Biomass burning

Biomass burning, largely resulting from the activities of humans, accounts for ~0.5 Tg N2O emissions each year. N2O emissions arising from biomass burning are a result of incomplete combustion, and significant amounts can be produced during large-scale burning of forests, savannah and grasslands.

An important source of N2O emission related to biomass burning is crop residue burning. The high nitrogen and water contents of many crop residues mean that the burning of such material can produce a relatively high percentage (around 1%) of the total emissions in the form of N2O.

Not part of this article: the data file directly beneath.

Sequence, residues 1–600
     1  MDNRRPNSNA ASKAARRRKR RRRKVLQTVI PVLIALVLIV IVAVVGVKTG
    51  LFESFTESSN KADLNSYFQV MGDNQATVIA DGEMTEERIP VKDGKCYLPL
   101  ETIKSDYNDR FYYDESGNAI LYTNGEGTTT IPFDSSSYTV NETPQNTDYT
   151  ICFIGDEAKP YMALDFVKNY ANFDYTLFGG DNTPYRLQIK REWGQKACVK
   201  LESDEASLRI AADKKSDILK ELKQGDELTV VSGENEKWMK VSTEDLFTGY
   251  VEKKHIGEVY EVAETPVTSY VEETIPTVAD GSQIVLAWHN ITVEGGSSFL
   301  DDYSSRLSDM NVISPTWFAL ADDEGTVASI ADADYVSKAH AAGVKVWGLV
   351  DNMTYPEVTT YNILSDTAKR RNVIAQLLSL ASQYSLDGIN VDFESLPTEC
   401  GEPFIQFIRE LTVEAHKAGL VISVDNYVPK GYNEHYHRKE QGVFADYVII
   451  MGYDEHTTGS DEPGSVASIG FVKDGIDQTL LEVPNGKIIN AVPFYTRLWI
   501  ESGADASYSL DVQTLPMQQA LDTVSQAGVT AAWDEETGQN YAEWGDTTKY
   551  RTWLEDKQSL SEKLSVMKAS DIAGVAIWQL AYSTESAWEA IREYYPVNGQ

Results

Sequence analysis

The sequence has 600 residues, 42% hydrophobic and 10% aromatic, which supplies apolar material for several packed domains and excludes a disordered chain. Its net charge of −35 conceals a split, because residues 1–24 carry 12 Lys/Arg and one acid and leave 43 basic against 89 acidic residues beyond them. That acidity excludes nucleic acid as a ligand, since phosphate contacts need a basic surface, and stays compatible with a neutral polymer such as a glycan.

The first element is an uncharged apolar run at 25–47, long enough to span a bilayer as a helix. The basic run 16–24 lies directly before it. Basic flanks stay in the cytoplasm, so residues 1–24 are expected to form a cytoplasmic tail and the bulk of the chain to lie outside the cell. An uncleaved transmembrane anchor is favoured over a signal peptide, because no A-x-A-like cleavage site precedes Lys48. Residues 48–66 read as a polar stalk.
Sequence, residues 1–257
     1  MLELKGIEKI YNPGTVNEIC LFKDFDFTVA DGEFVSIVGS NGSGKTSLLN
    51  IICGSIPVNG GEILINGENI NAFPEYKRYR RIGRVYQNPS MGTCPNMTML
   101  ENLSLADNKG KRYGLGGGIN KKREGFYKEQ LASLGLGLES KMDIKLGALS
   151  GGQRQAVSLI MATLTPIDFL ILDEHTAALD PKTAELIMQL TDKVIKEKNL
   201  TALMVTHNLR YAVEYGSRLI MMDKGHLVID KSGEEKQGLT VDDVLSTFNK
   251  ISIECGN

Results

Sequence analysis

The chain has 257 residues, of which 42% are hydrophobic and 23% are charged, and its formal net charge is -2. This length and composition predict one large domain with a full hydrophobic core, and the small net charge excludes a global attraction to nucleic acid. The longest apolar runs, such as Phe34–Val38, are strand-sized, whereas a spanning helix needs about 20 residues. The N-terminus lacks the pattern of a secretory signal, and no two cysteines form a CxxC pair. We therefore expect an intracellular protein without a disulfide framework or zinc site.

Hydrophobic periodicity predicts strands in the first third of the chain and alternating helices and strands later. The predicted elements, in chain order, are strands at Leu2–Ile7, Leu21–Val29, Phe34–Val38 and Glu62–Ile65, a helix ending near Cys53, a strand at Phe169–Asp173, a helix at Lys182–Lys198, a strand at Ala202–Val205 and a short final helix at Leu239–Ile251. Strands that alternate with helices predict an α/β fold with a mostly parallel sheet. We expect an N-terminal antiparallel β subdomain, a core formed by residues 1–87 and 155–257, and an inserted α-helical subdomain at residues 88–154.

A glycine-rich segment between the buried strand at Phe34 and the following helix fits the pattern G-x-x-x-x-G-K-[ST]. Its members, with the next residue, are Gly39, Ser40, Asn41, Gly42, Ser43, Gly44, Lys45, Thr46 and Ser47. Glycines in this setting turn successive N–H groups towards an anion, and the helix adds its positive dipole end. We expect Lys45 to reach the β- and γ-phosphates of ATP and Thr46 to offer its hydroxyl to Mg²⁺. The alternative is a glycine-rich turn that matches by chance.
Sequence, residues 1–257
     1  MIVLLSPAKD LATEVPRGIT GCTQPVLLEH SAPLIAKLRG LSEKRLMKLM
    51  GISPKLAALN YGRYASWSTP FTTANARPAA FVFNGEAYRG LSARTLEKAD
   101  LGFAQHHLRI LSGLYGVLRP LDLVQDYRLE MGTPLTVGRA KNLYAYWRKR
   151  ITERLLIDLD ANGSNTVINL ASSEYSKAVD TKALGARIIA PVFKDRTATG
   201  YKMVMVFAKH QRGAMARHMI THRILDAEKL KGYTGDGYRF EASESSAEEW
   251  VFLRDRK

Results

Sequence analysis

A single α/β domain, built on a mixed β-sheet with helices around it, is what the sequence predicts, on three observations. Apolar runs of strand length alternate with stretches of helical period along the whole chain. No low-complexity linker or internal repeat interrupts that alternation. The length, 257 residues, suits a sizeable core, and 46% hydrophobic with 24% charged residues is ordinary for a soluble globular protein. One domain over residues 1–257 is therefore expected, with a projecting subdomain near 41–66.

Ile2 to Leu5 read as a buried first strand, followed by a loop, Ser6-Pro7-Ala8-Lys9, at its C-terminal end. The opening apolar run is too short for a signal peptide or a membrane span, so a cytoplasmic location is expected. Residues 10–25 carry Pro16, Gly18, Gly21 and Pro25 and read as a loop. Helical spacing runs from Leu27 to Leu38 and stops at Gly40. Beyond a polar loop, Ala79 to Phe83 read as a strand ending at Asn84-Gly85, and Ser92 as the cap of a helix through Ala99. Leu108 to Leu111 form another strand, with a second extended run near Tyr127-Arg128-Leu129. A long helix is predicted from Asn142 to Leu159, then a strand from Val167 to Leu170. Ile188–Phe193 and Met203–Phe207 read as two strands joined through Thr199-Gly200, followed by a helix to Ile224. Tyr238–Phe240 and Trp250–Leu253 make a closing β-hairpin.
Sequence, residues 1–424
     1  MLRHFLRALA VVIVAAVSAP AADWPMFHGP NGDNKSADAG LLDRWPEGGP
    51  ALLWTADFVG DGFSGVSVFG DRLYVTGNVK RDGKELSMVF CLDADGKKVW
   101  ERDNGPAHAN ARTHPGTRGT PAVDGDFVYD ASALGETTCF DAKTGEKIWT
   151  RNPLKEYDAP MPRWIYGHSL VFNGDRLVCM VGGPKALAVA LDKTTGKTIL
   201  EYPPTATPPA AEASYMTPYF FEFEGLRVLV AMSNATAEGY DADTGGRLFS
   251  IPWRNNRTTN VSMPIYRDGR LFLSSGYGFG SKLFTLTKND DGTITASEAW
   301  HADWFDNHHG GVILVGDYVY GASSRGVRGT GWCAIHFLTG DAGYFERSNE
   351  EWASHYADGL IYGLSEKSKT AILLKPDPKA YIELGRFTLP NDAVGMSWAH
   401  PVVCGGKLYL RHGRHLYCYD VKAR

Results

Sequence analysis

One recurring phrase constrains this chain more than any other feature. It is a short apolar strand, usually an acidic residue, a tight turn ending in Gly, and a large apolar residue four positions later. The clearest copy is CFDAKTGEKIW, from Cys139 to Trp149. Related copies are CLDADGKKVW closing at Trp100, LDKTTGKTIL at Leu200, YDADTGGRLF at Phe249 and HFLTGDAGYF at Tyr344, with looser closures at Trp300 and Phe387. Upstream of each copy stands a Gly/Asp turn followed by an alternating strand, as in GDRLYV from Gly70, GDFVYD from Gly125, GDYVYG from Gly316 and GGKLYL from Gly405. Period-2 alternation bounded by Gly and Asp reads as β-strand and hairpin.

Wood burning is used for domestic heating and cooking purposes and for charcoal production, and can also release significant amounts of N2O.

recent decades, and the widespread use of coal as power station fuel means that N2O emissions from this source should not be overlooked.

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